• Also Brittany I was exposed to Chapatis made from different flours from a very young age thanks to my late mother not just an amazing mother and cook but an unusually open minded person for trying new and different cuisines. I daresay she has passed that love, passion and fearlessness for different cuisines on to me.

  1. I made this a couple of days ago and we really loved them. I didn’t need to use as much water as the recipe specified and I wonder what the 2 tsp. of oil is for. Is it for putting on your hands to get the dough off or is it incorporated in the dough? I didn’t use it and everything worked fine but am just wondering what it is for.

    • Thanks for the feedback Ruth. The oil is for applying on the hand to get the dough off your hands and incorporating some also in the dough to make it more supple and moist which will in turn make the chapatis soft. You could also apply the oil, ghee or butter on the chapatis so that they stay soft even if not eaten fresh.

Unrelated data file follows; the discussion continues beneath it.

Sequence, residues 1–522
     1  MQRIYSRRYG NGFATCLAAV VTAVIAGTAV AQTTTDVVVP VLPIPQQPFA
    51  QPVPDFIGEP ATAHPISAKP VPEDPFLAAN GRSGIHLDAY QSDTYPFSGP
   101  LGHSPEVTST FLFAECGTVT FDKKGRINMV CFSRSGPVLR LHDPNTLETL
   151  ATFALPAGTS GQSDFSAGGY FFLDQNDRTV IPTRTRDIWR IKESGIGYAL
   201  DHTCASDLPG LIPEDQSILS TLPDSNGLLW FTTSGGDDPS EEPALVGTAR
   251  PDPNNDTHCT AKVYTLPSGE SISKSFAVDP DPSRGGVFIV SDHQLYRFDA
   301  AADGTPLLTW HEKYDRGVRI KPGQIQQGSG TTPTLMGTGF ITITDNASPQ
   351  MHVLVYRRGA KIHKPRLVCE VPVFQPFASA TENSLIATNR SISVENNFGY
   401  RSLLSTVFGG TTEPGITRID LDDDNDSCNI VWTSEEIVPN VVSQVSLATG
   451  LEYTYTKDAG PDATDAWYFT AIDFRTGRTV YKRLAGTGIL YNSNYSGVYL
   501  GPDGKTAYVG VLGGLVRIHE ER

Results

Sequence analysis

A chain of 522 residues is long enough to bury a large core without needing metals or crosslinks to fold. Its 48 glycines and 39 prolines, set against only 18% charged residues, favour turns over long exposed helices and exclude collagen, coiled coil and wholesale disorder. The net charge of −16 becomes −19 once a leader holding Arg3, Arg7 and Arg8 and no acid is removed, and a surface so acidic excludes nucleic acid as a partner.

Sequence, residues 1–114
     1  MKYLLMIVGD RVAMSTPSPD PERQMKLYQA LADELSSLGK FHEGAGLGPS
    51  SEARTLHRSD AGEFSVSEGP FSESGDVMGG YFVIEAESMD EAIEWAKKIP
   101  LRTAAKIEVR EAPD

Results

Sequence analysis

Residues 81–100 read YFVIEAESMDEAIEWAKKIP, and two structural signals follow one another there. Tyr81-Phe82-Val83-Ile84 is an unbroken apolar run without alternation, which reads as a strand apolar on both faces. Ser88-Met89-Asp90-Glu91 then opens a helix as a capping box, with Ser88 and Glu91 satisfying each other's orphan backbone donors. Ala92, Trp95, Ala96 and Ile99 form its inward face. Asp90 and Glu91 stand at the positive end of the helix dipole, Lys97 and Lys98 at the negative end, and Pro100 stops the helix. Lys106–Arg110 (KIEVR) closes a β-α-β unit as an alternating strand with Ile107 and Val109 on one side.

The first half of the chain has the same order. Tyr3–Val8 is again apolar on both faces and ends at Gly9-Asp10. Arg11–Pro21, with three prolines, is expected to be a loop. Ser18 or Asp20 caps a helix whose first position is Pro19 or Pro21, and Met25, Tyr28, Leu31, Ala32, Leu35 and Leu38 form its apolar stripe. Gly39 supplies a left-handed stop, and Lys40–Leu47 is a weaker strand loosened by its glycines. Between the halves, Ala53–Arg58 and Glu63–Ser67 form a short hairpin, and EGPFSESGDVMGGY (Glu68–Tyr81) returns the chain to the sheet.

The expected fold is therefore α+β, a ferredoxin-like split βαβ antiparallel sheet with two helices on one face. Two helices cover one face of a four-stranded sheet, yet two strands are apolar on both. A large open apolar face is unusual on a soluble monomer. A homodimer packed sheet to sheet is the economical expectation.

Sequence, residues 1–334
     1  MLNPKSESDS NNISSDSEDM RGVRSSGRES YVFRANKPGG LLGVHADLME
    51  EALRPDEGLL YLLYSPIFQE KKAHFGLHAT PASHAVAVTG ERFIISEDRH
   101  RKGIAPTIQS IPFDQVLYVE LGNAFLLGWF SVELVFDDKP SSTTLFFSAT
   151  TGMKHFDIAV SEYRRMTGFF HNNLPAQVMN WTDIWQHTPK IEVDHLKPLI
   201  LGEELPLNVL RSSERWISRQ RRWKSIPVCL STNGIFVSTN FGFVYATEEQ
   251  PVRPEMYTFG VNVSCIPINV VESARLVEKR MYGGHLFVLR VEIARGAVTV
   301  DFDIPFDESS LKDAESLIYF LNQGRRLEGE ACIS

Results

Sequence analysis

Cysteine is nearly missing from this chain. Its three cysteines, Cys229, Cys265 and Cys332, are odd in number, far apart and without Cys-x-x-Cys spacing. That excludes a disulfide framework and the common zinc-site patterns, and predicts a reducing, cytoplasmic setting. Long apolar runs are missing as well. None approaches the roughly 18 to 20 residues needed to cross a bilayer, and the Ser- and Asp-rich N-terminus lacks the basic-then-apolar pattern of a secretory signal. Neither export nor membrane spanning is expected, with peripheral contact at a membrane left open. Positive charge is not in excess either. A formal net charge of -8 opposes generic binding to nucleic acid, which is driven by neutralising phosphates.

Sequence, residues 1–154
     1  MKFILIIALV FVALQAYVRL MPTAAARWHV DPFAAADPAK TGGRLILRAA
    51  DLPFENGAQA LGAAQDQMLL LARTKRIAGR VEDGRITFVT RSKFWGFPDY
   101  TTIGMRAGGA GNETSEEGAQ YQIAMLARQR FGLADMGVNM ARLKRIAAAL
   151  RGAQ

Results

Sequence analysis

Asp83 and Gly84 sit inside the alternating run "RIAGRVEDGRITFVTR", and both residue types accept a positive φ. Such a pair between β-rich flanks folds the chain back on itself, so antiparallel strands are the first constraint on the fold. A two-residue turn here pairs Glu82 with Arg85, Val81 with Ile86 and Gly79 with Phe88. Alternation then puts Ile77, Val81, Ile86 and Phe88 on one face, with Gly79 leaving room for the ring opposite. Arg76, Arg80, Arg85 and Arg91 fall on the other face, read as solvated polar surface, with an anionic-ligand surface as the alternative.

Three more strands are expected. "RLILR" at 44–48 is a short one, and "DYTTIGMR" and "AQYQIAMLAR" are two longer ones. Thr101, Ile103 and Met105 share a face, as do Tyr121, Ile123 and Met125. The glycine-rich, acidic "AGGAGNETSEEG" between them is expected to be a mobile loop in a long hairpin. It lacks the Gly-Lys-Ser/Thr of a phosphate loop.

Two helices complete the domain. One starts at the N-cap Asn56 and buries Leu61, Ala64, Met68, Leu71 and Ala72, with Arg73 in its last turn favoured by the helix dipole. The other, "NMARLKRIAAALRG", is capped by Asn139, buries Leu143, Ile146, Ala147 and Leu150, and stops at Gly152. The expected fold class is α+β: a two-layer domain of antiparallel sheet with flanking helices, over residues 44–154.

• Thanks for your reply. I find I don’t need to use a lot of oil but I will keep experimenting with these recipes. They are excellent! I find one of the keys to keeping them from tearing is very light touch with the rolling pin and not to roll too many times without turning it over. Keeps it from sticking to the rolling pin and the counter.

      • Thanks for your prompt response and input. My receipes are just guidelines, feel free to improvise and modify and continue to post your experiences as that would help other people. I just wish others would do the same.